Final Steps
Before you put all the computer parts in each drawer case, you need to piece the computer together on a table and modify a few BIOS settings and install an operating system of your choice with an optical drive. Otherwise, after you have all the components in, it is a bit difficult to hook up a monitor, keyboard and mouse to the mobo because of the tight space. We adjusted the BIOS settings to enable the Wake-On-LAN feature, which I blogged about previously here. We installed Xubuntu on each host. While I'm sure there is a different flavor of Linux more appropriate for a headless Linux host, we went with Xubuntu because we're comfortable with it. If you have a suggestion of what OS would be better, please leave a comment. The only constraint is that we need to be able to run a Java program. After you have all the hardware and software modifications complete, put all the components into each drawer and into the Helmer cabinet. Connect each PSU and the router to the power strip and each host to the router. Plug the router into your local area network (LAN) and you have 24 cores more at your service!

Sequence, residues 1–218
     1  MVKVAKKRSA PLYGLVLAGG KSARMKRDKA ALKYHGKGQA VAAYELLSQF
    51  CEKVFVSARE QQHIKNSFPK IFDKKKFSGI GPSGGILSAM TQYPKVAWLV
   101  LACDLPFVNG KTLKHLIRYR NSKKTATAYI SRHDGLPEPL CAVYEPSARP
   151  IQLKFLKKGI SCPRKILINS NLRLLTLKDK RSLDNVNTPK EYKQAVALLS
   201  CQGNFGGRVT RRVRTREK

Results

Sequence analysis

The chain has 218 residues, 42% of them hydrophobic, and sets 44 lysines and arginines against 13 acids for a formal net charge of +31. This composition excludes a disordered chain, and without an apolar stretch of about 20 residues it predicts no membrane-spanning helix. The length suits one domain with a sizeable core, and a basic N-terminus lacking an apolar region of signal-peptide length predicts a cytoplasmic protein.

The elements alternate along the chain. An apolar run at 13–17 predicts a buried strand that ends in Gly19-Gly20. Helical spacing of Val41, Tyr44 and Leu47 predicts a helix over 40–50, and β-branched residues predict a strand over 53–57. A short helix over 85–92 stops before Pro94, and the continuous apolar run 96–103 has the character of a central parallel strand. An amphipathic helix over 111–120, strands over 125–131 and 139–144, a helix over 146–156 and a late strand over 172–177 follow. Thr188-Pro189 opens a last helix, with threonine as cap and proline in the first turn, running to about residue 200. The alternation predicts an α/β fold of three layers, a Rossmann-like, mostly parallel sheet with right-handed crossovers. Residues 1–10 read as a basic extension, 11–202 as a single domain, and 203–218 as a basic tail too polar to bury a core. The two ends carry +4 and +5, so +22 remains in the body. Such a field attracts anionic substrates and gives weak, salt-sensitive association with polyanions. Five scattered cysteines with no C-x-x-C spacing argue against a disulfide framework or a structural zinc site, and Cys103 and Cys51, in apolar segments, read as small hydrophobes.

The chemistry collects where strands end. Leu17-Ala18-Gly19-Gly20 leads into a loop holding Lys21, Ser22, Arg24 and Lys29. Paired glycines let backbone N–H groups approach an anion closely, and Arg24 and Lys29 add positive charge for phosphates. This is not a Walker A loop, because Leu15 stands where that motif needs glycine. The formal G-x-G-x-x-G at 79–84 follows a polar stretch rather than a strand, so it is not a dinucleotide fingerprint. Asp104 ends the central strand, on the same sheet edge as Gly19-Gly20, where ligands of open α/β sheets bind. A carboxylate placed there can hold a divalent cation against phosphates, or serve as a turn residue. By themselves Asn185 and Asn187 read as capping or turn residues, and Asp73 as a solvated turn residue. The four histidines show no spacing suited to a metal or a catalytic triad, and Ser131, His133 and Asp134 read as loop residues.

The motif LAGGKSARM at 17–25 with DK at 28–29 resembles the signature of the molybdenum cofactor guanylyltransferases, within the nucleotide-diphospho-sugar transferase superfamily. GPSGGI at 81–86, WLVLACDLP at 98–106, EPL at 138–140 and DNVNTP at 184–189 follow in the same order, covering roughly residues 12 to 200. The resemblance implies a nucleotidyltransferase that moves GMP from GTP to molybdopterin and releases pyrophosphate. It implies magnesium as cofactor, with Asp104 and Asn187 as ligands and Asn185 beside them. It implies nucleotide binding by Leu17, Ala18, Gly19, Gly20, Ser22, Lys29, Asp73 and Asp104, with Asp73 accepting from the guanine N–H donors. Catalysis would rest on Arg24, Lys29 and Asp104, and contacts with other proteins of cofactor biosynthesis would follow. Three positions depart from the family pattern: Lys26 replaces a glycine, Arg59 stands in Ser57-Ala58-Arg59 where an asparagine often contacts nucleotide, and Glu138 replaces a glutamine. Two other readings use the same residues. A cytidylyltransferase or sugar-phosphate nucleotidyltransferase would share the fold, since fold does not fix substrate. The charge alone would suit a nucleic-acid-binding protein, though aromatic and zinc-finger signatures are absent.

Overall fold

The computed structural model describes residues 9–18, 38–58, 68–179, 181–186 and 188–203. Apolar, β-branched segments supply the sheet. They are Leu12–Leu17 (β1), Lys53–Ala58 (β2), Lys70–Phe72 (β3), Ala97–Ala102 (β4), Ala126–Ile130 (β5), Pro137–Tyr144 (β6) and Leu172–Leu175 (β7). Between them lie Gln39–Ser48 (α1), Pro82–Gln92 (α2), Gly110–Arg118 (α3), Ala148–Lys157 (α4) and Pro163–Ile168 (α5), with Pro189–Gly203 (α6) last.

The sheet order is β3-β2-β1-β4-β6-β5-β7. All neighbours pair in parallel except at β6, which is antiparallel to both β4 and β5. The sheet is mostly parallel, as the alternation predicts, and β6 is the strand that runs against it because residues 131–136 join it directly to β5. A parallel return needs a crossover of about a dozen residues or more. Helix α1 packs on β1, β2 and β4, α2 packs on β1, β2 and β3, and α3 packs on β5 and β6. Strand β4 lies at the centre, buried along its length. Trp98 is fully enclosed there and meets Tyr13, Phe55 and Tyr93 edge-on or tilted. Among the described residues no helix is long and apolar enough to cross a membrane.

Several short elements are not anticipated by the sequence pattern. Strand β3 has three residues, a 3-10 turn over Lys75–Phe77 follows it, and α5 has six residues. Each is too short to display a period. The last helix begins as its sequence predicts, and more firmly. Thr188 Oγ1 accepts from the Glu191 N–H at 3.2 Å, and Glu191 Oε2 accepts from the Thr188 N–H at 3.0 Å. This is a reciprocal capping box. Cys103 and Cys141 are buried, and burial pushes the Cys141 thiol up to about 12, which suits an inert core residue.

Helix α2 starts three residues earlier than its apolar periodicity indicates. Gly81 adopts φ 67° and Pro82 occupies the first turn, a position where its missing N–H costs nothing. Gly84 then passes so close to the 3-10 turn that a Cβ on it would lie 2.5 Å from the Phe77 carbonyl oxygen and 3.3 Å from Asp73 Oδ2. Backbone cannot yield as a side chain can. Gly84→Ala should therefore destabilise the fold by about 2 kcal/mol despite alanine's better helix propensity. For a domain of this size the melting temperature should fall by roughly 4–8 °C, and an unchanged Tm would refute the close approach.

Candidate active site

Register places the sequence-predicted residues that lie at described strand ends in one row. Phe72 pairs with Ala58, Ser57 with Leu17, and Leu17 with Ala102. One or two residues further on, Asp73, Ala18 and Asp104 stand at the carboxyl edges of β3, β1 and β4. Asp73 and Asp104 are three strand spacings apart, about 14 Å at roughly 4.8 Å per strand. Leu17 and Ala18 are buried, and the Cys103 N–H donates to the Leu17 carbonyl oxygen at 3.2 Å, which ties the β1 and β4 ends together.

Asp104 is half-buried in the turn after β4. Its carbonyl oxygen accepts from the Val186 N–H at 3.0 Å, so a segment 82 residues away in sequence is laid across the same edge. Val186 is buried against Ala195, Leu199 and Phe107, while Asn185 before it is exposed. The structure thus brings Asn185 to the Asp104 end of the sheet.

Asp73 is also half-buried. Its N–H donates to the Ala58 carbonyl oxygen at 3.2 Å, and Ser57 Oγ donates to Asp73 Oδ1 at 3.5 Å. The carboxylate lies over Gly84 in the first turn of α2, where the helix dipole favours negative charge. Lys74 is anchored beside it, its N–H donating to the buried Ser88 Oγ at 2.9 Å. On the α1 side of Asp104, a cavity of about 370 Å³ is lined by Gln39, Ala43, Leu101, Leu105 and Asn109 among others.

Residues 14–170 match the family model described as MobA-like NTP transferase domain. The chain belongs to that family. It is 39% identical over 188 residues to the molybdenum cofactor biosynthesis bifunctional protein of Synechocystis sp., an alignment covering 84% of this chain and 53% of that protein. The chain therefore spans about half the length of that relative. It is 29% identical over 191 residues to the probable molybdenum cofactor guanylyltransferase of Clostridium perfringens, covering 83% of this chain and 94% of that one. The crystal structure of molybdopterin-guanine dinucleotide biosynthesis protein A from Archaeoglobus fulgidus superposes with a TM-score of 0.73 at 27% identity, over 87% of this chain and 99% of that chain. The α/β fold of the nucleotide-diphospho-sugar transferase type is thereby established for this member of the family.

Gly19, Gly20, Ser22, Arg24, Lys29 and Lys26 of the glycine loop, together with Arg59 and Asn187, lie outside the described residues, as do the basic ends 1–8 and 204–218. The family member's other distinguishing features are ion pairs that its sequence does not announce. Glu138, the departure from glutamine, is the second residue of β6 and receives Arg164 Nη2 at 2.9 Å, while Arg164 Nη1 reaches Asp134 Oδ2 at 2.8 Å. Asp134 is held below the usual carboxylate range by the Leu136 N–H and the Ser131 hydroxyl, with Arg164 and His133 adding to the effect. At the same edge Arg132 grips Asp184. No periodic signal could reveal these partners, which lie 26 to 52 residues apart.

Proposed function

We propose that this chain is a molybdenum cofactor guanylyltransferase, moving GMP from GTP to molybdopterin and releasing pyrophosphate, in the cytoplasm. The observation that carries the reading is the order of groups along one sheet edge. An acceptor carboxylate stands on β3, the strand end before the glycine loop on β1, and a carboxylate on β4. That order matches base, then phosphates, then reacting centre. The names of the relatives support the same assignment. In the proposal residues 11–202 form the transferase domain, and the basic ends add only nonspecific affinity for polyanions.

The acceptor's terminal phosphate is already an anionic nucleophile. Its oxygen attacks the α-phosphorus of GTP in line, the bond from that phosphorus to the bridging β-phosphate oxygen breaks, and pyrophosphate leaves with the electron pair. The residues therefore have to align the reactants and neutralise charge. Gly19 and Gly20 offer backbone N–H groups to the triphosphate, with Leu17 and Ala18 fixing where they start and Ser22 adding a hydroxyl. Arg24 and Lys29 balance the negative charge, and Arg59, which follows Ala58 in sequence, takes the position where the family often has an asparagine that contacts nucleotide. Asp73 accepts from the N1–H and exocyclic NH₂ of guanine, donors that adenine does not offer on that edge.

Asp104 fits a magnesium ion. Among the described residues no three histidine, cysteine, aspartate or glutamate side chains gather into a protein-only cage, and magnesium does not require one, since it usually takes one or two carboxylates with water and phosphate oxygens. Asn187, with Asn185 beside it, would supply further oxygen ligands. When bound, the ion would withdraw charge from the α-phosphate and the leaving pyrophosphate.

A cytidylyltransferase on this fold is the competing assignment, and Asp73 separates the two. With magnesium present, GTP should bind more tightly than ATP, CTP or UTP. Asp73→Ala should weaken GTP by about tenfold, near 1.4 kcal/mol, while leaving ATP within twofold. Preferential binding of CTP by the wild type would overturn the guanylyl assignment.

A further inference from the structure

While we have not yet quantified how "fast" our cluster is, we have been able to finish our computations roughly 24 times faster than one of our single core computers, which translates to an immense gain in productivity. That means, what would take 24 hours before can be accomplished in one hour. We still want to play around with some over-clocking, and we'll ramp up to that eventually. At idle speed, the CPU temps are are around 30 degrees Celsius. With all 24 cores at 100% load, the CPU temperatures stay at a nice and warm temperature of about 45 degrees Celsius. The air flow through the drawers sufficiently keeps the components cool, and at full tilt, you can feel a strong warm breeze come out of the rear of Helmer.

Other Thoughts